Details

Journal of Applied Accounting Research, vol. 11 no. 3
Type: Research Article
ISSN: 0967-5426

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Article
Publication date: 28 June 2013

Musa Kribat, Bruce Burton and Louise Crawford

The paper aims to investigate disclosure practices in the annual reports of Libyan banks in the run‐up to the opening of the nation's first stock exchange. Banks dominate…

Abstract

Purpose

The paper aims to investigate disclosure practices in the annual reports of Libyan banks in the run‐up to the opening of the nation's first stock exchange. Banks dominate this embryonic market but very little research has examined the extent (or determinants) of transparency achieved by these firms, an issue argued by Stiglitz and others to be crucial in the post‐crisis era. Currently, no detailed evidence of disclosure practices prior to the launch of the exchange exists, making an accurate assessment of the market's impact in this area impossible; the present study therefore contributes in this regard as well.

Design/methodology/approach

The study employs two main methods: a disclosure index‐based analysis of mandatory and overall disclosure levels; and panel regression analysis of the determinants of the overall disclosure levels.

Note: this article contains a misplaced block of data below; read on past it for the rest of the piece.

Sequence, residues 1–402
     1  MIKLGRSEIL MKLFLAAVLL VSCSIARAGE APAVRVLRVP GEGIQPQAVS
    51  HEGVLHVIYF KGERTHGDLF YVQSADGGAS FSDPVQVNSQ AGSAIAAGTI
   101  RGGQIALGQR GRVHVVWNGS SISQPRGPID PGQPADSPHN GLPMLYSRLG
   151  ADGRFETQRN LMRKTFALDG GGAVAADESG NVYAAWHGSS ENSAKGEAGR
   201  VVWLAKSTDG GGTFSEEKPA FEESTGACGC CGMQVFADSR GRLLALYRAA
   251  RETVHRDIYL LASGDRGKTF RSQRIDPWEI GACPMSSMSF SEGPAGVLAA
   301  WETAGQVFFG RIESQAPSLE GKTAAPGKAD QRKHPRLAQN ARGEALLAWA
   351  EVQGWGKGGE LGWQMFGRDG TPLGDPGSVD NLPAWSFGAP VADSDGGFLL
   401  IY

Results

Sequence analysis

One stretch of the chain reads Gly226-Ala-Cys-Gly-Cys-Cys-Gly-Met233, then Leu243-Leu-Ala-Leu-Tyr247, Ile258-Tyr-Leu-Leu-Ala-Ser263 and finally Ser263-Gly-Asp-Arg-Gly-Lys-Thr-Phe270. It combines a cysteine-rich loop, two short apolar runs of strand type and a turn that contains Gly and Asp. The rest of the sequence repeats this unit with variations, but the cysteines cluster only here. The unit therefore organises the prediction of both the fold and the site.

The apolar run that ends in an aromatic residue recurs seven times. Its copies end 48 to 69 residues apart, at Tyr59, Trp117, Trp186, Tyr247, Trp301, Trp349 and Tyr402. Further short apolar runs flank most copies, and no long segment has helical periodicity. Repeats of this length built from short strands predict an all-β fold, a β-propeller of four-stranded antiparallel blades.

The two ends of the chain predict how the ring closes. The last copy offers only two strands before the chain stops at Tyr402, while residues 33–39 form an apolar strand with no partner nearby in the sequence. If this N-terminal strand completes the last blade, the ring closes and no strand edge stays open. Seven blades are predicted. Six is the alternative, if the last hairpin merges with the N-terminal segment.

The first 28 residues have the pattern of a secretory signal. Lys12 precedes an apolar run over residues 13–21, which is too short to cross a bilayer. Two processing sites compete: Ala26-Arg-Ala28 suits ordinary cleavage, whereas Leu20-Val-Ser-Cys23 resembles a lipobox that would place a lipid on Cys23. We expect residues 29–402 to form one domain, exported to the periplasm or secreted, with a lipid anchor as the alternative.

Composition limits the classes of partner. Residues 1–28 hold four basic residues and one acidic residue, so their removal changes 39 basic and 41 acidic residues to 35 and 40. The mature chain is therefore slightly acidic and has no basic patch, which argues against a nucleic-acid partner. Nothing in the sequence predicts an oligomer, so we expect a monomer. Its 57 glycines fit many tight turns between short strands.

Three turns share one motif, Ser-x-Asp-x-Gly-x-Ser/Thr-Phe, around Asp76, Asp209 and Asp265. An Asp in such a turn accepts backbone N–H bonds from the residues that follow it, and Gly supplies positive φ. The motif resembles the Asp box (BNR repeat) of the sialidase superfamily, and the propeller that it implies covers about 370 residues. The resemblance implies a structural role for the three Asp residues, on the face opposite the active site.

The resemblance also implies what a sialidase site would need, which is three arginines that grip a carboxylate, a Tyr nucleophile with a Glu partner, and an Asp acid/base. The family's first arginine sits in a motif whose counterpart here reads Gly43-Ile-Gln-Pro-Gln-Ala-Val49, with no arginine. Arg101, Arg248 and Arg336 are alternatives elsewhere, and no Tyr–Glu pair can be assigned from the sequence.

Findings

The results suggest that while many items are disclosed on a regular basis, on average barely more than half of all possible items appear in the annual reports. As regards compliance with mandatory requirements, the figures are higher but, worryingly, begin to fall as the launch of the market neared. The results of panel‐data analysis suggest that the overall extent of disclosure is non‐random, instead reflecting the profits achieved by the banks concerned.

Originality/value

This paper is the first detailed analysis of disclosure practices in Libyan banks and the results suggest that market authorities should be looking for an improvement in the figures, in particular the reversal of a downward trend in compliance with mandatory requirements. The paper reports a link between profit level and disclosure propensity; this evidence might be of use to regulators charged with increasing disclosure levels in the future. More generally, the results provide a comparative basis on which to assess the effect of the market's launch on disclosure practices in Libya.

Details

Journal of Accounting in Emerging Economies, vol. 3 no. 2
Type: Research Article
ISSN: 2042-1168